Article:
Though they may not yet be potty-trained, you can now teach preschoolers how to code. Fisher-Price’s new caterpillar bot — the “Code-a-Pillar” — teaches kids the basics of coding, such as sequencing and programming.
Part of the company’s Think & Learn series, which seeks to inspire critical thinking and problem solving skills in three to eight-year-olds, the Code-a-Pillar is branded as a toy for the 2035 coders.
If the idea behind connected pieces which form instructions proves thrilling to your child, then who knows: you could have a potential future coder under your roof.
How it works
The concept is simple enough. The caterpillar’s body features eight segments that snap together linearly, all labeled with different colors and symbols. Each segment has a different function: turn left, turn right, make a funny noise.
Once the segments are connected and the start button is pressed, the smiling caterpillar will take the route that it was programmed to by the child. The caterpillar “code” can be as long as you want, too, thanks to the availability of add-on segments.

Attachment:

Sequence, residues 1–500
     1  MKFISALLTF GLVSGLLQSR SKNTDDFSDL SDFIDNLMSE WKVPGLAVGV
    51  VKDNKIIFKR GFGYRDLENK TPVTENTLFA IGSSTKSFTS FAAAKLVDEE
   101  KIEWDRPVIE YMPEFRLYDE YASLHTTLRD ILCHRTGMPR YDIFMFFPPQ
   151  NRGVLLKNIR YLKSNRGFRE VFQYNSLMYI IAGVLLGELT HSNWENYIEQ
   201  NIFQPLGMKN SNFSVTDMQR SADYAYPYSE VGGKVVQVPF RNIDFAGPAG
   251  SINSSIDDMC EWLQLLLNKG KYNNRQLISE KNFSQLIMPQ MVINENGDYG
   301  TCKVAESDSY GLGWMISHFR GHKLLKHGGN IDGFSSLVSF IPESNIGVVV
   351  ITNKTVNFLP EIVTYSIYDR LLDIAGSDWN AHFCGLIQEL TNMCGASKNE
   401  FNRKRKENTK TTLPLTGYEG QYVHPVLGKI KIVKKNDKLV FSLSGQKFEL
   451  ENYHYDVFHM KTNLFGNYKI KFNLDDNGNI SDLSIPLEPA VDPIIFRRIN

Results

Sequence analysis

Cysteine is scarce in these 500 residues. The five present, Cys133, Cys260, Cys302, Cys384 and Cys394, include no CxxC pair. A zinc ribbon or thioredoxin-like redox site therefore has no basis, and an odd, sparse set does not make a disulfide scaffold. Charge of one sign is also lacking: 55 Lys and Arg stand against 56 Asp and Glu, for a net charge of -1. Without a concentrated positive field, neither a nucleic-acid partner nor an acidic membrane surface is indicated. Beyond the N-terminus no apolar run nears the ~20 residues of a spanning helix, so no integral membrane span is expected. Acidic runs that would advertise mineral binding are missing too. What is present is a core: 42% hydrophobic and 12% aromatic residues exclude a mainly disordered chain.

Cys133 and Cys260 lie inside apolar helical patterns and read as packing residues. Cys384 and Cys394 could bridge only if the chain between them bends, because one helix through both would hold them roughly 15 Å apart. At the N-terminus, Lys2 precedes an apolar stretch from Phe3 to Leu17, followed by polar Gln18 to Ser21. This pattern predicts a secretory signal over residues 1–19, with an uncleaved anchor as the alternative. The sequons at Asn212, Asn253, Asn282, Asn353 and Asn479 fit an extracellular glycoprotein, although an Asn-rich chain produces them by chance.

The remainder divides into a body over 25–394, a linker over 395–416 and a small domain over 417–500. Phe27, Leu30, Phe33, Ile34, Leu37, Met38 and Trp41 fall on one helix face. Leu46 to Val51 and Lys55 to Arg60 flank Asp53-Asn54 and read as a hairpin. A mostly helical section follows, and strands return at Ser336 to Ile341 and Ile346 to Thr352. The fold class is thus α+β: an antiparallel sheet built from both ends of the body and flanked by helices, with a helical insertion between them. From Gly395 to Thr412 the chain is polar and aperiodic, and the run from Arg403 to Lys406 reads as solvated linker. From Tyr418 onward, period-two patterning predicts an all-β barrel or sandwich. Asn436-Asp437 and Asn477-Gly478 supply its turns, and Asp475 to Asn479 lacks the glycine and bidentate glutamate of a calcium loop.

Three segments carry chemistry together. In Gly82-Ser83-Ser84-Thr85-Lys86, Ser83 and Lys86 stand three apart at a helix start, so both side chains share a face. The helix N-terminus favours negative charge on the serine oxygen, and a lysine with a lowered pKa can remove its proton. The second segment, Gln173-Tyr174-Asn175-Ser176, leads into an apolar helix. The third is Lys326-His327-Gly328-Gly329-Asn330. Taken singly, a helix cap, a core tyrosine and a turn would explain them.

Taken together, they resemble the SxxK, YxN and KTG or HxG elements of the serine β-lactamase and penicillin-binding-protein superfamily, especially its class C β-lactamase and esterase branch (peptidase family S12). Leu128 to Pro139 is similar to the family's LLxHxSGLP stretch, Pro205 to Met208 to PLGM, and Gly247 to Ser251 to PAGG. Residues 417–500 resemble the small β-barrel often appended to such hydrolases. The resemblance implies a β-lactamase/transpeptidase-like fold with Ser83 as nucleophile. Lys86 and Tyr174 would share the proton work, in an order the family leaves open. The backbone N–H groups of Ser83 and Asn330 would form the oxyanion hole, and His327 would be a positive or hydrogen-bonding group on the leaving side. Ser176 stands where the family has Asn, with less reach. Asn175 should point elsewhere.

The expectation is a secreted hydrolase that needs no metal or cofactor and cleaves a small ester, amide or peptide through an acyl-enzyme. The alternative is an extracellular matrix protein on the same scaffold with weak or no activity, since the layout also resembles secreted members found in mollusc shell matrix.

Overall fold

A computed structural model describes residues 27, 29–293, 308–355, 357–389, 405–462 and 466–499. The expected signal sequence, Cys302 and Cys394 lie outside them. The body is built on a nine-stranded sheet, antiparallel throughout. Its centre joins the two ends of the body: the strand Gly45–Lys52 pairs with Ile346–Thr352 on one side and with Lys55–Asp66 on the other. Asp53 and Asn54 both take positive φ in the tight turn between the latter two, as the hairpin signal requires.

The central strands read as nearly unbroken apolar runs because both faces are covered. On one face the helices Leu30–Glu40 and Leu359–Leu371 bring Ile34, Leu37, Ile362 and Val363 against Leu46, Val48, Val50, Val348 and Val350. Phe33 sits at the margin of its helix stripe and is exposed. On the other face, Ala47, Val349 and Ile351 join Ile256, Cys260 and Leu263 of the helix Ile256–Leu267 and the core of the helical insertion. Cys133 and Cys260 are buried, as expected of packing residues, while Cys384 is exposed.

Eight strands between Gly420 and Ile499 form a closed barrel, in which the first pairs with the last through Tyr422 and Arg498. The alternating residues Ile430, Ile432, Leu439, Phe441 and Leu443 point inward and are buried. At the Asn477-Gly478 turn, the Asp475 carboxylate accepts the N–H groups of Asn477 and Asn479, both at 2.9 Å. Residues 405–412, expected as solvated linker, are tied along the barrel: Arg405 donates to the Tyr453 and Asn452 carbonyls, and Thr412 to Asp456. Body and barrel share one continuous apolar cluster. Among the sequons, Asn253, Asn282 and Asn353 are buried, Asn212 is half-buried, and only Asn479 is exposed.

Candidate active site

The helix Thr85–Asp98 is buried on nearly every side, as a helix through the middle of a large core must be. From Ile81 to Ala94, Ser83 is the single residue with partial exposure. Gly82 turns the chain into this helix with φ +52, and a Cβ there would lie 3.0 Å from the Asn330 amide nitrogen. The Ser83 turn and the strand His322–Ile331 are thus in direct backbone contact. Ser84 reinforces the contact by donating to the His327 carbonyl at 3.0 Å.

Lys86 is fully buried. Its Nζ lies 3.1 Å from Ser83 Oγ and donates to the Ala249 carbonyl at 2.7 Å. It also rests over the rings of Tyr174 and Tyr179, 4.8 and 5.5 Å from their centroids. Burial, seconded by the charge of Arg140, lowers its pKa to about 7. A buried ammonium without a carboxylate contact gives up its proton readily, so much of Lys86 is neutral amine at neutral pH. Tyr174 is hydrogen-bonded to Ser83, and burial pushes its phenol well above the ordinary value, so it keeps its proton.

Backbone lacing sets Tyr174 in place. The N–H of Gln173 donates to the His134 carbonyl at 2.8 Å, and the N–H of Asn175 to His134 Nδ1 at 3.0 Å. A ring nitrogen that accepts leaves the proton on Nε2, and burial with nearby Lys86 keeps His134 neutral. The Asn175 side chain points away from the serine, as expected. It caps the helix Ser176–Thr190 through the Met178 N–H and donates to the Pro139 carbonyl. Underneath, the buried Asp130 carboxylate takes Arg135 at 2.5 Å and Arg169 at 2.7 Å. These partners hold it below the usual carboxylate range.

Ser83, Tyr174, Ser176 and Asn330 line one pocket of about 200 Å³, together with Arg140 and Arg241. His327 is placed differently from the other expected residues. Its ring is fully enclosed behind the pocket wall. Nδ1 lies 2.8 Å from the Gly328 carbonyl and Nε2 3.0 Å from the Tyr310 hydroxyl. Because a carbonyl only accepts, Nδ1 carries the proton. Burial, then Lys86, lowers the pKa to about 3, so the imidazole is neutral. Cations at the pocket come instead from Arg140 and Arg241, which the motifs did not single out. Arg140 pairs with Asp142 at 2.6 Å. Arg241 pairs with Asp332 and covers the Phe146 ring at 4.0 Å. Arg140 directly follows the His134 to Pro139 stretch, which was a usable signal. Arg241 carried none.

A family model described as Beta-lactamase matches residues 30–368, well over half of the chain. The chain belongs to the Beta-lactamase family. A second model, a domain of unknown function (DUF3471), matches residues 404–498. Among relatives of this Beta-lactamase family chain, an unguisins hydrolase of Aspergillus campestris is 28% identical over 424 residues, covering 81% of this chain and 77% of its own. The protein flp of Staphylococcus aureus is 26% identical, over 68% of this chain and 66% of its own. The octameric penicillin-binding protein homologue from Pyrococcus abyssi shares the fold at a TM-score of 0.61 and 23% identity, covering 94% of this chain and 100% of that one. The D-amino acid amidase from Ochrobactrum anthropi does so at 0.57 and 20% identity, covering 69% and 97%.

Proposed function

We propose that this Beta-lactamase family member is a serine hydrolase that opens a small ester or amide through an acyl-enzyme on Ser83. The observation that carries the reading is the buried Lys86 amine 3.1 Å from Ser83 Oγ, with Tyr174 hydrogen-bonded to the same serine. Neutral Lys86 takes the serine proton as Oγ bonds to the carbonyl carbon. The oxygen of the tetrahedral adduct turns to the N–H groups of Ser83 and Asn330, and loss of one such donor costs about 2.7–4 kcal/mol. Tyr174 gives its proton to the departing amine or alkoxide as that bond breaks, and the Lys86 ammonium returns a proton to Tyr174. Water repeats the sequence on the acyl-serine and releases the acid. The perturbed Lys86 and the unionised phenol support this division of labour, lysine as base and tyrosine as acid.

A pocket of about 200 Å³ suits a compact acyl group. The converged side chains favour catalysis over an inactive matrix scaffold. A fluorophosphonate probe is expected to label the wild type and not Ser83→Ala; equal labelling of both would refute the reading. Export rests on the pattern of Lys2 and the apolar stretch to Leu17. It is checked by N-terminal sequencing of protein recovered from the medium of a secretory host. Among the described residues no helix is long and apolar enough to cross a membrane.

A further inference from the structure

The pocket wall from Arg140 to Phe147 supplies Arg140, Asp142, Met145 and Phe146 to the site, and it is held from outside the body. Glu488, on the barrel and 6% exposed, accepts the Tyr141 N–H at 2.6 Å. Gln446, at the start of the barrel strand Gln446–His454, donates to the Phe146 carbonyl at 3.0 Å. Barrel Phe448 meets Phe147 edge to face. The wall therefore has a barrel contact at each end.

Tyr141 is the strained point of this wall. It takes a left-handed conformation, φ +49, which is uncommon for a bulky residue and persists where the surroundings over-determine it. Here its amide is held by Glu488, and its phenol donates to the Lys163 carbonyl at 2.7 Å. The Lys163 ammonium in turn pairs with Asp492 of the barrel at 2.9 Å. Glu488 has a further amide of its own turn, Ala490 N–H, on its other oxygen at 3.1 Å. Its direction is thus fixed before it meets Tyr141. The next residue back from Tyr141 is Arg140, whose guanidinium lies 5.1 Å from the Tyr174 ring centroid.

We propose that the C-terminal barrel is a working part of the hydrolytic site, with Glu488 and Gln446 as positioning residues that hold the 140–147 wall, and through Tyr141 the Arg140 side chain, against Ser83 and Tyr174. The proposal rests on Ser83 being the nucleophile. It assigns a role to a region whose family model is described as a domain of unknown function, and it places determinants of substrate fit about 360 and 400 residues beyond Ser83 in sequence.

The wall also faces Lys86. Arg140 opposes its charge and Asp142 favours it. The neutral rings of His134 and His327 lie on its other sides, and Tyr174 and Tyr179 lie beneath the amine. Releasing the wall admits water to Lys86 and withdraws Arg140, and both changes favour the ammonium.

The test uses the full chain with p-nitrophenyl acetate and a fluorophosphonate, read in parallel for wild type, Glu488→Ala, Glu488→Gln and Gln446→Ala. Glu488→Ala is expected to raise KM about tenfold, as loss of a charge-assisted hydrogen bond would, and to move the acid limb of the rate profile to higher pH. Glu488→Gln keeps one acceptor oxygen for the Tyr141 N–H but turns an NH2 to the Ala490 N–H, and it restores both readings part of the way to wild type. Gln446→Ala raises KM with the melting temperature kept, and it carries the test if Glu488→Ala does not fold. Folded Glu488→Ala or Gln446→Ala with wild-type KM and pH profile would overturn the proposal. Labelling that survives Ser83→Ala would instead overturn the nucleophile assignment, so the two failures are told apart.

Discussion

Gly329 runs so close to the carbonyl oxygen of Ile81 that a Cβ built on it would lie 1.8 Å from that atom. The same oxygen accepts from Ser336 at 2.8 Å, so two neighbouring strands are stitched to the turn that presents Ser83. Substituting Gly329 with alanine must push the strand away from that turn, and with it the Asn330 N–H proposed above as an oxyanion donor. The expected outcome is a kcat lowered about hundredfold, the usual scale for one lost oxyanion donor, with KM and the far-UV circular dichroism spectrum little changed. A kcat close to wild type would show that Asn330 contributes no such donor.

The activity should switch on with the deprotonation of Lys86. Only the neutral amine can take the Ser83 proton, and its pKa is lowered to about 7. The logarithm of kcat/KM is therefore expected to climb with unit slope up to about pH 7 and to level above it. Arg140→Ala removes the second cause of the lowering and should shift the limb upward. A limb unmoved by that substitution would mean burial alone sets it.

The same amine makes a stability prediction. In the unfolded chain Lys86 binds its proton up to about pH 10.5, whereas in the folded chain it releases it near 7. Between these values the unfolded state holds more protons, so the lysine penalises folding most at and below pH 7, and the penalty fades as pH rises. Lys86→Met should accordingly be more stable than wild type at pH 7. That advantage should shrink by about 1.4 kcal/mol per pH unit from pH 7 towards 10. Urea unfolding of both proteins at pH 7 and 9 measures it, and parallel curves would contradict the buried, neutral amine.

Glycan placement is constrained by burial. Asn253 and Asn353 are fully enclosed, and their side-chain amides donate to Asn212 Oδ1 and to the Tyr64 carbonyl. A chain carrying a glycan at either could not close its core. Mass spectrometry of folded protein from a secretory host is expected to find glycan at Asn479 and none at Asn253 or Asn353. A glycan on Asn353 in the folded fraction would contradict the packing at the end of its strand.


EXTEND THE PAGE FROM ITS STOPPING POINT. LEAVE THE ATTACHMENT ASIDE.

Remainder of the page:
Fisher-Price claims the toy builds the basic skills needed to understand more complex programming languages later in life. The Code-a-Pillar also connects to a free companion app, which proposes additional programming challenges for kids to solve as they get older.
Part of a larger movement
The Code-a-Pillar is part of a larger trend to get kids introduced to computer skills from a very young age. Even though this demographic will grow up surrounded by screens and apps, toys like the Code-a-Pillar are taking digital principles and applying them in a more hands-on, creative way.
"As children spend more and more time interacting with digital devices, they don't have very many opportunities to create and experiment," MIT Media Lab's Mitchel Resnick recently told NPR, adding that parents should take care not to let devices control kids.
"Oftentimes it's playing, clicking, consuming, as opposed to designing and expressing. I would tell parents to look for either the apps or the toys where the child is in control,” said Resnick. “If it feels that the toy or tablet is in control, then I'd be much more cautious about it."
The Code-a-Pillar, which works in tandem with companion iOS and Android apps, will retail for $50, with various expansion packs priced at $15 each. Fisher-Price says it will appear on store shelves next June. The company will release additional details about the product at the Toy Fair in New York City in February.